Investment scams come in many forms. They are always evolving to cater for emerging technologies and trends. They encourage you, or your business, to enter into a financial opportunity, often too good to be true.
Investment scams will often come from a friend or a financial associate and they will claim a new low risk, high return investment, sometimes based overseas. They might have offered good advice in the past, in the hope of being able to convince you to commit a large sum. They are often persistent, calling you back repeatedly and increasing the pressure on you to agree without giving you the time to independently investigate their claims. All kinds of opportunities can be offered including shares, mortgages, or real estate high-return schemes, options trading or foreign currency trading.
Investment seminars are another opportunity scammers use to encourage you to commit. These seminars will include self-made millionaires as guest speakers and investment experts who pressure you to borrow large sums of money to buy property or investments. These seminars often charge for attendance and sell additional overpriced material such as books and reports on investing. High pressure sales tactics or false and misleading claims are often used to pressure you into investing. They will guarantee rental levels or false discounts for buying off the plan.
Another form of investment scam is one based on sports. The scammer will claim to have perfected a predictive scheme for sporting results, including horse racing. Much of the information that these schemes use is available from your local paper and betting forms.
You could also be encouraged to join a betting syndicate where the joining fee can be exorbitant, with the usual claims of high returns. Any betting is a highly risky ‘investment’ but with a scammer involved, you’re always guaranteed to lose and lose big.
Visit the Australian Securities and Investments Commission’s (ASIC) Moneysmart for more information about investment seminar scams.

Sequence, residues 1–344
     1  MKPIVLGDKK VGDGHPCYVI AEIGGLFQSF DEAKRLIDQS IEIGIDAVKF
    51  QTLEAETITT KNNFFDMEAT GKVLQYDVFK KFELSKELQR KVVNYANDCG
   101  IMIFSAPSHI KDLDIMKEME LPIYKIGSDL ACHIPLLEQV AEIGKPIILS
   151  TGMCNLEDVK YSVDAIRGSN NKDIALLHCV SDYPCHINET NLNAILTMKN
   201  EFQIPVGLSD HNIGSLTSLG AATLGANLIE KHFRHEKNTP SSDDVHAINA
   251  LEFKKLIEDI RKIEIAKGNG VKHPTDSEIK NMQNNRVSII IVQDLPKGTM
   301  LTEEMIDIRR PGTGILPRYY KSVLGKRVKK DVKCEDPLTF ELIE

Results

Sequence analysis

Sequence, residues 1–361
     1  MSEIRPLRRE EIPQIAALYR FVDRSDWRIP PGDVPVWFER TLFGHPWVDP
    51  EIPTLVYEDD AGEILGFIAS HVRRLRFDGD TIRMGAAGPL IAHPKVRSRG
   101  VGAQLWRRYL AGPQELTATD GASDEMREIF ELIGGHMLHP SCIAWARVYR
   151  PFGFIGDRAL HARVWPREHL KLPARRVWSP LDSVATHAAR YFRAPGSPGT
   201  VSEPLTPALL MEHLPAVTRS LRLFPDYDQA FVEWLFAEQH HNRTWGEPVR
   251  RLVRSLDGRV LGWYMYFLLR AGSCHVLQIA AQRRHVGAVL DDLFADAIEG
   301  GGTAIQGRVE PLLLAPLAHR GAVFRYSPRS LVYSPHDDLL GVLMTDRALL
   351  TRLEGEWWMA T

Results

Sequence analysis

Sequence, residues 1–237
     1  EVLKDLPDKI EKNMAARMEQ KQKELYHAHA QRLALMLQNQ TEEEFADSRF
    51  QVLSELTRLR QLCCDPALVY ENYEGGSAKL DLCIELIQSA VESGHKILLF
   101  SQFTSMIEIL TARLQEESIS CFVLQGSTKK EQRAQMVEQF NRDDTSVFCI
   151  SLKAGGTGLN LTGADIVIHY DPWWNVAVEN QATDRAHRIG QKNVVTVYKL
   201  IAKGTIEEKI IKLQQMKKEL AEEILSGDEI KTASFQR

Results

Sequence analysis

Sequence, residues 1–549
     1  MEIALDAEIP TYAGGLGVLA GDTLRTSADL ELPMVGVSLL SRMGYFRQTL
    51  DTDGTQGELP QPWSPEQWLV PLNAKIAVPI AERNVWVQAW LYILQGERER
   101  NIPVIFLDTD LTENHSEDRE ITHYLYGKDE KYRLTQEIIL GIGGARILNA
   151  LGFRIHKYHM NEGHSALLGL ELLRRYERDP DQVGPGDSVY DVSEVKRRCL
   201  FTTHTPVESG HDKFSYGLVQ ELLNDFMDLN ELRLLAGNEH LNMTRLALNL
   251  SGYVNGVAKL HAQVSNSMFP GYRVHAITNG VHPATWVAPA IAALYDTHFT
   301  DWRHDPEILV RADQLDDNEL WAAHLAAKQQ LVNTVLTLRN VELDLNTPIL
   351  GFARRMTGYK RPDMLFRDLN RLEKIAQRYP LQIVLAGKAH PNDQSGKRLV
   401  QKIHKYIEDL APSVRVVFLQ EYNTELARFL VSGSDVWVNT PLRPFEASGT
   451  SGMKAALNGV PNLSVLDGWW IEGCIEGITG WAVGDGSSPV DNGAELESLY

Another investment scam is based on your superannuation. Scammers encourage you to release your super early into their control. They then begin to ‘charge’ large fees, rapidly dwindling your life’s savings. Protect yourself by learning more about how your superannuation works at ASIC’s Moneysmart website.
Report all scams to the Australian Competition and Consumer Commission’s ScamWatch website.
If you have incurred a financial loss, report it to your local Police. Please also let us know about the scam here at NT Consumer Affairs on 08 8999 1999 or 1800 019 319 or at firstname.lastname@example.org so that we can warn others.
When considering any investment seek advice from professional, independent financial advisers. Always be wary of these warning signs.
- You are encouraged to join a risk-free betting syndicate with high returns.
- Repeated calls offering unsolicited investment advice.
- Emails from a stranger offering advice in investing in a company.
- Contacts from ‘friends’ on social media platforms.
- Seminars and promotions claiming to offer risk-free investment and get-rich quick schemes.
- High investment seminar fees with additional expenses.
- Promotions about unlocking your superannuation early.
How to protect yourself
Investment scams cost Australians millions of dollars a year. Don’t become part of that statistic. Always carefully consider and seek professional advice before investing. Don’t fall into the trap of being attracted by get–rich-quick claims.
- Be suspicious of any investment opportunities that promise a high return with little or no risk.
- Check if a financial advisor is registered via the ASIC website. Any business or person that offers or advises you about financial products must be an Australian Financial Services (AFS) licence holder.
- Check ASIC's list of companies you should not deal with. This company list includes companies that have made unsolicited contacts and do not hold a current Australian Financial Services (AFS) licence.
- Do not let anyone pressure you to invest.
- Do your own research! Always check the company's listing on the stock exchange for its current value and recent shares performance. Some offers to buy your shares could be well below market value.
- Conduct an independent check on the company selling the scheme or service - often their postal address will turn out to be a car park and no real office exists. Google street view is a very useful tool for investigating companies.